Around 5,200 utility patents issued on November 6, 2012. I was surprised to find that at least 76 of those had been abandoned at some point during prosecution and later revived and then patent. Although only about 1.5% of the patents, the number is still surprising. Of course, revival has become somewhat regularlized these days and is done with little consequence beyond a substantial fee ($1,890 plus any late fees) and loss of some PTA. In fact, the USPTO has created an automated computer system to grant petitions to revive so long as they are submitted and signed (electronically) by a registered patent practitioner. Further, the current thinking is that a patent cannot be later challenged for improper revival because that issue does not serve as a condition for patentability that qualifies as a defense under 35 U.S.C. § 282.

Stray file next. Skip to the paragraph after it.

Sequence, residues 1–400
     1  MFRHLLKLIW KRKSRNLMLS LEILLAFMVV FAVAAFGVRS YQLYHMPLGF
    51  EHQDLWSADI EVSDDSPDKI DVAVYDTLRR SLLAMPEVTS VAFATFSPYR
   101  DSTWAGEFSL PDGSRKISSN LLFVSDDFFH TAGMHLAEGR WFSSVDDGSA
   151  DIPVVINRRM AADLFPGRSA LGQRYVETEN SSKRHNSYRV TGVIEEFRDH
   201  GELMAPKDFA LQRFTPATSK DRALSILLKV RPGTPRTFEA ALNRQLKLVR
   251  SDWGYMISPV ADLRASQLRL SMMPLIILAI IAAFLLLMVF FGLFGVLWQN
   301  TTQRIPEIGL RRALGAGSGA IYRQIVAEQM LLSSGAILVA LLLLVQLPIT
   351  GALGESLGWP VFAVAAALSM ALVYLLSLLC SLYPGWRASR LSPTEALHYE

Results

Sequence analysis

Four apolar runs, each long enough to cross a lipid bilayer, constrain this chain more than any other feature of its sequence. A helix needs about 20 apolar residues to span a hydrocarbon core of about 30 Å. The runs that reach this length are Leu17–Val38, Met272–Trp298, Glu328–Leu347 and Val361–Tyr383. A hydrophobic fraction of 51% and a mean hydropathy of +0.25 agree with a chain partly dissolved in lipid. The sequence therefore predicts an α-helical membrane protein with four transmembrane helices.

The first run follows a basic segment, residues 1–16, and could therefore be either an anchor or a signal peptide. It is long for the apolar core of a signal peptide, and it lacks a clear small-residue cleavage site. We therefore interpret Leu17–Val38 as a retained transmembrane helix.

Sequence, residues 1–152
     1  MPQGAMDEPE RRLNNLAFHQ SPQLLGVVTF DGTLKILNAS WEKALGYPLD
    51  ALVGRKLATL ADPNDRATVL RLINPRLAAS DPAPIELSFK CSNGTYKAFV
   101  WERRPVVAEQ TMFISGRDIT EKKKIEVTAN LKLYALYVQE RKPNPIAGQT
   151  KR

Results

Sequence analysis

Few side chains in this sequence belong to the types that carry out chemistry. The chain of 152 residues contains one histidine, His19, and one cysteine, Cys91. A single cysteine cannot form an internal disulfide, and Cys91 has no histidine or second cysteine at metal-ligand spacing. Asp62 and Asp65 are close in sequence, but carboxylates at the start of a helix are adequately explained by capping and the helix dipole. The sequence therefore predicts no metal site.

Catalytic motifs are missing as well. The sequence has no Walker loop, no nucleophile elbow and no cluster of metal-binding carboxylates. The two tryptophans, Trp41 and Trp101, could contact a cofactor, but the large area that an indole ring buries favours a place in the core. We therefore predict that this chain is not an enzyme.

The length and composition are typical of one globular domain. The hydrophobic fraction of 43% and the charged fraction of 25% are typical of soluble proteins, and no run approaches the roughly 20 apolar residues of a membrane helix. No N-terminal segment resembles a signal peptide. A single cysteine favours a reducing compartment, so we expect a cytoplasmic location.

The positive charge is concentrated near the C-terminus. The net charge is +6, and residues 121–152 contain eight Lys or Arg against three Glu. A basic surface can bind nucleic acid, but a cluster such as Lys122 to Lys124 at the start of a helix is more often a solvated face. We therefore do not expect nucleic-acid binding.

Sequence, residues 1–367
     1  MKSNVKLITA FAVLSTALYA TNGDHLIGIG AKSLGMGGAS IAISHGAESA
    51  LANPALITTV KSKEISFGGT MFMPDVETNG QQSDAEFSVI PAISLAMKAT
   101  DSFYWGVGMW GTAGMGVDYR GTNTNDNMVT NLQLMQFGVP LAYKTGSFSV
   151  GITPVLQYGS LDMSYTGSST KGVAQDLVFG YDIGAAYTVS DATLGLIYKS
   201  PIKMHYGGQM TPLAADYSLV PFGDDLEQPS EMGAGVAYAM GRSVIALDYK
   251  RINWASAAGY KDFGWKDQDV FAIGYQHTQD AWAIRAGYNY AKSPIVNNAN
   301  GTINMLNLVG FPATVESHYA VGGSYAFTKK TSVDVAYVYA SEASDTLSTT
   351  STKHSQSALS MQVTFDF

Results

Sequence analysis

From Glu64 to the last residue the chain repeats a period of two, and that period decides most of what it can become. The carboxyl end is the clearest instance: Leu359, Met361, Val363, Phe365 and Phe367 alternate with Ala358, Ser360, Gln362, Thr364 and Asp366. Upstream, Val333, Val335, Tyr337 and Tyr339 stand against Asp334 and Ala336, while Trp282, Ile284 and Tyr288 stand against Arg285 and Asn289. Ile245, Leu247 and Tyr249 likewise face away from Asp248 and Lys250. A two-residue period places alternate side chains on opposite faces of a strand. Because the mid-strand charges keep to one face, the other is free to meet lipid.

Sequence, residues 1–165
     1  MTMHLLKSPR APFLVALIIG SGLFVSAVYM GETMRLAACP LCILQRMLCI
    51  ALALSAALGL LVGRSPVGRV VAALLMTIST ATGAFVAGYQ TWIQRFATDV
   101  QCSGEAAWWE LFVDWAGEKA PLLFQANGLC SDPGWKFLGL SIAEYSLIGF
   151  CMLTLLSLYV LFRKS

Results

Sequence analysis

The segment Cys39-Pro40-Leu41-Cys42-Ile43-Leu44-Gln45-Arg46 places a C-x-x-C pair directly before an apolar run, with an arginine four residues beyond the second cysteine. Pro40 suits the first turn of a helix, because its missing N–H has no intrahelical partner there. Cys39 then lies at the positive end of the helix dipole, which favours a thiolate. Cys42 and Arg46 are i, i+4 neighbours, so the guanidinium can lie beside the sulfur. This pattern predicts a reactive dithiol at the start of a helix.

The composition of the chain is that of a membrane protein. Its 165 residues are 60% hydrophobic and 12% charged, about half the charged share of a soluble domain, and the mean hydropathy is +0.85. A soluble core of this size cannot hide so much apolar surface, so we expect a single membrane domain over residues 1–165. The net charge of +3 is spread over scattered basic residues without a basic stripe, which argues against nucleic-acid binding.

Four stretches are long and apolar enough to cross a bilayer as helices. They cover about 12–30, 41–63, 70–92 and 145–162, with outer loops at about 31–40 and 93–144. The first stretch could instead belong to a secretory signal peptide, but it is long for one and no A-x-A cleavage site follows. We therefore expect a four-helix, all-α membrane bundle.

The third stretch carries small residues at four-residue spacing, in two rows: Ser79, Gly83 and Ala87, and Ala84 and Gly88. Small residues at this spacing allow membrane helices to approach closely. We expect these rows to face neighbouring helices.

Even though my sample here is quite small, it still included many patent-industry leaders such as Fujitsu, GlaxoSmithKline, Texas Instruments, Carl Zeiss, Wi-LAN, Philips, IBM, Johnson Control, University of Texas, Illinois Tool Works, Intel, 3M, Seagate, University of Maryland, EMC, Sharp, LG, Kodak, Microsoft, FEI, etc. Each of these entities now has at least one new patent that was accidentally abandoned during the application processing and then later revived.
From my analysis of these cases, I do not perceive any attempts to game the system. Rather, the abandonments seem to be truly unintentional misses by offices and attorneys managing hundreds of cases. Luckily for the parties involved, the revival process is almost as easy as the abandonment.